5th October 2012, 06:23 PM
I generally find large and bold logos on an image to be distracting at best and to sometimes absolutely destroy an image... I am not pointing fingers at any specific image but, just making this as a general comment.
I wonder if other members are also annoyed by exceptionally large and bold logos appearing on images?
5th October 2012, 07:03 PM
What often surprises me, Richard, is the large complicated copyright details (photographer's name etc) on distinctly third rate shots; which nobody would want to steal anyway.
When these images appear in the photo competitions they definitely don't get my vote.
OK, nobody wants to have a really good photo 'stolen' but I regard anything which I show on the internet to be available for public viewing/use with due credits. Although I do keep the resolution fairly low.
5th October 2012, 07:38 PM
There's quite a few images in recent mini competitions that did indeed lose at least one vote thanks to the logo/watermark...
5th October 2012, 09:22 PM
Logos are fine when not combined with photographs ?
6th October 2012, 03:41 AM
Personally, I do think that the photographer should sign his or her work, so long as it is small, tasteful and does not take away from the work. Painters and sculptors sign their works, why should photographers be any different?
As for the huge watermarks across the image, well that is something I have no use for. If it detracts from your work, it should not be there and in most cases someone with a reasonable amount of skill in PP would be able to remove the watermark with very little effort. Small, low res images can help, but if you don't want your work copied, don't post it on the internet...
6th October 2012, 11:57 PM
Originally Posted by revi
7th October 2012, 12:28 AM
I believe the signatures/logos/watermarks placed on the images as opposed to the frames are usually intended to protect the photographer from having their images stolen. Ironically, anyone who possesses just a moderate amount of skill can steal the image and get rid of the stuff that was intended to protect it from theft. In other words, if you don't want your images to be stolen, don't display them on the Internet; that's the only way to protect them from theft.
7th October 2012, 12:32 AM
I don't remember ever seeing a photograph that the photographer has signed a print on the image, as opposed to the margin or on the reverse side of the paper. To do otherwise is to break with tradition. Buyers of photographs tend to be slow to break tradition, so signing a print in the image area can be a significant challenge to selling prints.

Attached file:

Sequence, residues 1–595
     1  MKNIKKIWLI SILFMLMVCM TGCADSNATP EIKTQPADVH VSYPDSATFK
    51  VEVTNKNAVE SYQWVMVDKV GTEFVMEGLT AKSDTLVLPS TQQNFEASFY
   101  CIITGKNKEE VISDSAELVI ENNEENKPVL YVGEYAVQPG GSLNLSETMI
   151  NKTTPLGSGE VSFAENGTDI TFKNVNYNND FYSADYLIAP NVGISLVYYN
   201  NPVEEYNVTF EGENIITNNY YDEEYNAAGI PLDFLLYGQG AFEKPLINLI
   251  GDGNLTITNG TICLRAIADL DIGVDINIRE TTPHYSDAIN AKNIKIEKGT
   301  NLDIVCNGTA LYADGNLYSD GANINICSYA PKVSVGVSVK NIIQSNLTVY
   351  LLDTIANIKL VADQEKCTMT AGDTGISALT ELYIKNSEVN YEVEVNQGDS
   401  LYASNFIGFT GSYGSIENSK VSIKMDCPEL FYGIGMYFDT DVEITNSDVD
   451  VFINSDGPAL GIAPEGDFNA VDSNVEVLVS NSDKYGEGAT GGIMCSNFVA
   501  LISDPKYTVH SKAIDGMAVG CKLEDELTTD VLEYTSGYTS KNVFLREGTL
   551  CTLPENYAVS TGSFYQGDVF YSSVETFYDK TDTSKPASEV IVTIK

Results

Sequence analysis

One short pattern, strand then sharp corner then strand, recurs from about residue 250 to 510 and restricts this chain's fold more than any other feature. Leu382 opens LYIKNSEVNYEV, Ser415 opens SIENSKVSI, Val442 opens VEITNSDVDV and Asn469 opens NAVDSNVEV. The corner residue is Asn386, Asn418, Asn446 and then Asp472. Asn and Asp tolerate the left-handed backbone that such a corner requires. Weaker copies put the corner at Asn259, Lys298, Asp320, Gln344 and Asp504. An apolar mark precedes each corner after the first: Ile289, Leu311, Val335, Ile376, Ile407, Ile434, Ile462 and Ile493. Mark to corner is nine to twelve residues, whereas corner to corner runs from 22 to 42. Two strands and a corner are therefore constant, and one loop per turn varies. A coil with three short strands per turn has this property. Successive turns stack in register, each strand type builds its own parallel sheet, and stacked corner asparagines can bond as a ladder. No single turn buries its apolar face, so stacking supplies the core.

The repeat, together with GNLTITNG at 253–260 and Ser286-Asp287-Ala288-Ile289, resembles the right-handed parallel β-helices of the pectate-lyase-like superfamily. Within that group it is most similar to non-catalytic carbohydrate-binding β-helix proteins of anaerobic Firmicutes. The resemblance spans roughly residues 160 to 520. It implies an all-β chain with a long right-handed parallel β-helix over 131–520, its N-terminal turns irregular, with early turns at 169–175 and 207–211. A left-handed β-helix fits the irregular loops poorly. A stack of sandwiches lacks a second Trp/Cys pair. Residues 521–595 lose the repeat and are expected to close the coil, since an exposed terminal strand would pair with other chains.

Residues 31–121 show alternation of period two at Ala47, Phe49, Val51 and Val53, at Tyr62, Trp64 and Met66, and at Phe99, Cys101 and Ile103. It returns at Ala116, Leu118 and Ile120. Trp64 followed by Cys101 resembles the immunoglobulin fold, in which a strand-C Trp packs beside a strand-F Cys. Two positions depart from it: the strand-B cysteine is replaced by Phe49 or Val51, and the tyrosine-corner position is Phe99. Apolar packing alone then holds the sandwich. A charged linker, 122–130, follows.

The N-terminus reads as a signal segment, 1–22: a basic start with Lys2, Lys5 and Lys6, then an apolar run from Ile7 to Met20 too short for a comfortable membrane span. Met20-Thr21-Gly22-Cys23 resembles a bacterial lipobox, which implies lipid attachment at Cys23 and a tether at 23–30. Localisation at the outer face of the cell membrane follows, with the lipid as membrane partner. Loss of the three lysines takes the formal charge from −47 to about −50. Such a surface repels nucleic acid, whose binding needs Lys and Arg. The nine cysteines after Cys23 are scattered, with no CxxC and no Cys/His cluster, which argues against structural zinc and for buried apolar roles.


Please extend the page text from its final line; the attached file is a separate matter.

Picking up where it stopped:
Originally Posted by GrumpyDiver
EDIT: I actually have a Francis Frith print made in 1858 that bears his signature on the image. I wonder if this was accepted practice in the 19th century. I really don't know.
7th October 2012, 12:35 AM
Yep! Absolutely and completely!
Originally Posted by rpcrowe
Generally they stick fish hooks in my eyes and drag them directly to the logo with the force of a nuclear weapon.
7th October 2012, 12:36 AM
At least 2 votes ...
Originally Posted by revi
... and counting, I suspect.
Edit: Make that 3, and counting ...
Last edited by Colin Southern; 7th October 2012 at 12:47 AM.
7th October 2012, 12:45 AM
Perhaps the biggest difference is that with painters and sculptors - generally - it's a relatively small signature on a relatively large painting or sculpture, whereas with photographs, what we see on monitors are relatively small and yet the writing is comparatively larger and thus more distracting.
Originally Posted by GrumpyDiver
If photographers were to limit their signatures to 2 point text then I wouldn't have a problem with it (or as much anyway)
7th October 2012, 01:13 AM
By signature I don't neccessarily mean a traditional signature. I've seen many prints with either a logo or stylized photographic reproduction of the signature, some using a script type font and others using a scanned signature, either in the image itself, sometimes on the border of the print. I have seen these on a lot of professional photos. In the case of a framed print, I've seen the matt signed as well. That really doesn't make a whole lot of sense to me, as the matt and print can be separated. In limited edition photos (I just checked a couple we have), there is both a signature and copy number on the front of the image, just like on a limited edition art print.
Originally Posted by Mike Buckley
To actually use a pen or other marker is not a good idea as the paper does get bruised and the inks and related solvents can damage the image, even through the back of the print.
All I can suggest is that there may be regional differences in these practices.
Regardless, some level of authentication of a work of art is desirable.
7th October 2012, 04:11 AM
Again? The "signature" whether it be a watermark indicating the business, photographer or title is part of what the originator wants in their photos and is therefore subject to any biases a reviewer carries. I personally hate photographer biased shots of cats and most other personal pets and find them equally as obscene as watermarks and would quickly bypass both on any requesting input. Textured anything is not far behind. That's just me and no different than why I like Francisco de Goya and think Picasso not worth a second look. (although I do like Dali so that's hard to figure) We all have our own quirks.